House of Fools (film)
|House of Fools|
|Directed by||Andrei Konchalovsky|
|Produced by||Felix Kleiman
|Written by||Andrei Konchalovsky|
|Music by||Eduard Artemyev|
|Distributed by||Paramount Vantage|
|Running time||104 minutes|
House of Fools (Russian: Дом дураков, Dom durakov) is a 2002 Russian film by Andrei Konchalovsky about psychiatric patients and combatants during the First Chechen War. It stars Julia Vysotskaya and Sultan Islamov and features a number of cameo appearances by Bryan Adams, with the music composed by Eduard Artemyev.
Distinctly anti-war, unbiased and controversial in Russia, House of Fools is a bizarre blend of black comedy, touching drama, horrific warfare and subtly disturbing psychological content. The film is rated R for wartime violence, occasional profanity and nudity.
The film tells the story of a psychiatric hospital in the Russian republic of Ingushetia on the border with war-torn republic of Chechnya in 1996. With the medical staff vanishing to apparently find help, the patients are left to their own endeavors. Zhanna (Yuliya Vysotskaya), a young woman, lives in the belief that the pop star Bryan Adams is her fiancé, that he is off on tour and will, at some point in the future, come to take her away with him. Zhanna is sort of the ad hoc keeper of peace, happiness and control of the others; she attempts to help curb some of the other patients exuberant impulses. Blissfully unaware of the terror of the war, the patients stick it out in the hospital. Their guests include a group of Chechen rebels, one of whom, Ahmed (Sultan Islamov), gives Zhanna the idea that he will marry her. At this point Zhanna falls in love with Ahmed. She goes back to the "House" where, with the help of her fellow residents, she prepares for her marriage to Ahmed. From this point on Zhanna prepares for and expects to be swept away by Ahmed. Her hopes do not come to fruition and Ahmed and Zhanna part ways. Zhanna returns to the "House" in order to resume her life there.
The story was partially inspired by the real-life tragedy of the psychiatric hospital in Shali, Chechnya, which was abandoned by the personnel during the Russian bombing campaign and in which many patients subsequently died from attacks and neglect.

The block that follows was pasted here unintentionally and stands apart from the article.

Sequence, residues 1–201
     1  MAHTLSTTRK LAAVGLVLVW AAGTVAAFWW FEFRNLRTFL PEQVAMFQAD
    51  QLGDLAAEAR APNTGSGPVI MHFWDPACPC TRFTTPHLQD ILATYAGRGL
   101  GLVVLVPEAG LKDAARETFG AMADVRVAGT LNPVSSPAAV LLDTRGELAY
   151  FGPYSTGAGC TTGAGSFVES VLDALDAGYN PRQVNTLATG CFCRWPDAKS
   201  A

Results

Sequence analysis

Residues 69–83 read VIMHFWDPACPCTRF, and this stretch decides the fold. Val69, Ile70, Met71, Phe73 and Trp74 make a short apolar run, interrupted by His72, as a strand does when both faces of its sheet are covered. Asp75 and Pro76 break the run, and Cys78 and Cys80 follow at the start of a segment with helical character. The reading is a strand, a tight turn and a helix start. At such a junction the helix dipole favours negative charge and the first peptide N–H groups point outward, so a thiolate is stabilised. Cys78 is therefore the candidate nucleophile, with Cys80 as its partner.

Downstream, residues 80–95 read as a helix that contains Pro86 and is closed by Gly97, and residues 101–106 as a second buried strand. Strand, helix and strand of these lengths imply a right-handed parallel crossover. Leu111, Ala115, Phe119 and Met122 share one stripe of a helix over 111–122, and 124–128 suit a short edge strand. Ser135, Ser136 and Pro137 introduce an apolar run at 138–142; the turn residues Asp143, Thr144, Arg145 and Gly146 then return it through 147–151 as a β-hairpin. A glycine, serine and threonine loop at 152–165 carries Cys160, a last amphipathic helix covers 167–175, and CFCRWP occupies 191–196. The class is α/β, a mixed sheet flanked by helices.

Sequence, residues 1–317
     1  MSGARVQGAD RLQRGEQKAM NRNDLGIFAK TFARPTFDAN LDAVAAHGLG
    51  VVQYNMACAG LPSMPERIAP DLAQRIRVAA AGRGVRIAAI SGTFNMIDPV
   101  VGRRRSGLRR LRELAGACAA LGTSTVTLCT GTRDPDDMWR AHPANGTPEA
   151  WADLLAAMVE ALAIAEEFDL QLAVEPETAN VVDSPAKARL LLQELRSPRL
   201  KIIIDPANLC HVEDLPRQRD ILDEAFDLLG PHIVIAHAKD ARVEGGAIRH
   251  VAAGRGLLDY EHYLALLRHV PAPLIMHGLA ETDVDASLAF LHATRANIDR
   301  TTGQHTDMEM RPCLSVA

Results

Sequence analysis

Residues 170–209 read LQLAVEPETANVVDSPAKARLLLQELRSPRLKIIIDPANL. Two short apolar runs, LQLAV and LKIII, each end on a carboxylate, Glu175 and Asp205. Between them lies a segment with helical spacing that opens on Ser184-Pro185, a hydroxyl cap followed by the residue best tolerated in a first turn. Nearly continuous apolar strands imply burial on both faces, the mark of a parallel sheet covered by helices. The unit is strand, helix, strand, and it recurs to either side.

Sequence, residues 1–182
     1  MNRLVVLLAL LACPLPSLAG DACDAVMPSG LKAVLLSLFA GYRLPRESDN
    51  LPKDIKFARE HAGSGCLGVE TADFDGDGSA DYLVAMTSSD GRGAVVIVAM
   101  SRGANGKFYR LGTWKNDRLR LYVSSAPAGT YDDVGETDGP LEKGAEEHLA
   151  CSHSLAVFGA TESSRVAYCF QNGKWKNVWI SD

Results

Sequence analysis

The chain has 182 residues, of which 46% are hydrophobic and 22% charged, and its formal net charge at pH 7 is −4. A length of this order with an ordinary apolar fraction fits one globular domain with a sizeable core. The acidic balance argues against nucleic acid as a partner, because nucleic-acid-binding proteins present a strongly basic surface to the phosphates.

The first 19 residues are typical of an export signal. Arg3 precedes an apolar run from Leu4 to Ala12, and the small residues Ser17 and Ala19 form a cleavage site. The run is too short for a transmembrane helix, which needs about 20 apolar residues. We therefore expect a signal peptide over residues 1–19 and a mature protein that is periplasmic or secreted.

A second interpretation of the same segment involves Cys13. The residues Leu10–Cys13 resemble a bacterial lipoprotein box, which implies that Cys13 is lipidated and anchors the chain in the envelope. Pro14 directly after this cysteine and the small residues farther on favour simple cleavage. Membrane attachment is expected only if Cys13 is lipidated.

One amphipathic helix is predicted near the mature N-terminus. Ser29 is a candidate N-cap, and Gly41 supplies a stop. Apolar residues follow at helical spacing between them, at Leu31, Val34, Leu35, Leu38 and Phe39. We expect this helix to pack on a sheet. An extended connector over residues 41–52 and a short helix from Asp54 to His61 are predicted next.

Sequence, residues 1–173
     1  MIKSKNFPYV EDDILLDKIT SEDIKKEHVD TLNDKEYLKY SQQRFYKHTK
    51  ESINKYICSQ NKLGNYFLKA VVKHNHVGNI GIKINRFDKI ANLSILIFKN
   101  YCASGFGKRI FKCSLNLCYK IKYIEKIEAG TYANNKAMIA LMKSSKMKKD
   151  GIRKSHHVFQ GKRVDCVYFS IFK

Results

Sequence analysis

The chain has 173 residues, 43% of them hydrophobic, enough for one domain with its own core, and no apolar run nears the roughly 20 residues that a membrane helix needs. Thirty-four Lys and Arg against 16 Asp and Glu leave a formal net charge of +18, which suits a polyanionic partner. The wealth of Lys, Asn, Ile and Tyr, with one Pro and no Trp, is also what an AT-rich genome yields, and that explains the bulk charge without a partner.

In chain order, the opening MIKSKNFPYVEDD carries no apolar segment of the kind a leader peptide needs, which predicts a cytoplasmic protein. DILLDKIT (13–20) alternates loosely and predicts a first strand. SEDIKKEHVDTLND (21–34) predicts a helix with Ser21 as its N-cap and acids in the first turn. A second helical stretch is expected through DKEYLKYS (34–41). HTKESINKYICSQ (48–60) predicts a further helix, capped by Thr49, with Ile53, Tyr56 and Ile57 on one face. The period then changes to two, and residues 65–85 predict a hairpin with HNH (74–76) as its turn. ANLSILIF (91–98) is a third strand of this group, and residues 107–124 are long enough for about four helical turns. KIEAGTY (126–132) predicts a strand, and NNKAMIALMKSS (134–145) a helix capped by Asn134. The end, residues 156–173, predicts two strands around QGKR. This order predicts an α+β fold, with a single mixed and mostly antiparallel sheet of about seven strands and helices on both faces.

The story also mirrors the plot of Philippe de Broca's 1967 French cult classic film King of Hearts (Le Roi de coeur, starring Alan Bates) about the inmates of an asylum abandoned by the staff during World War I who take over the neighboring town. The two films even share similarities in their conclusion, with a soldier taking refuge from the insanity of war in the asylum when it returns to normal. Although there are some similar aspects to King Of Hearts, the difference in the two films is that the inmates/patients in King of Hearts take on the various personalities of the town folk; mayor, baker, prostitute, etc.
- Julia Vysotskaya - Zhanna
- Sultan Islamov - Ahmed
- Yevgeni Mironov - Russian officer
- Stanislav Varkki - Ali
- Bryan Adams - Himself
- Cecilie Thomsen - Lithuanian sniper
- Pavel Grachev - Himself (archival footage)
The film also features several genuine mental patients alongside actors.
- Venice Film Festival - Grand Special Jury Prize
- Venice Film Festival - UNICEF Award
- Bergen International Film Festival - Jury Award (Honorable Mention)
- Venice Film Festival - Golden Lion
- Academy Award - Best Foreign Language Film (representing Russia)
- Nika Awards - Best Music
House of Fools received a rating of 52/100 at Metacritic and 40% "fresh" rating at Rotten Tomatoes. Chicago Sun-Times film critic Roger Ebert gave the film three out of four stars, saying that House of Fools is "A film that succeeds not by arguing that the world is crazier than the asylum, but by arriving at the melancholy possibility that both are equally insane."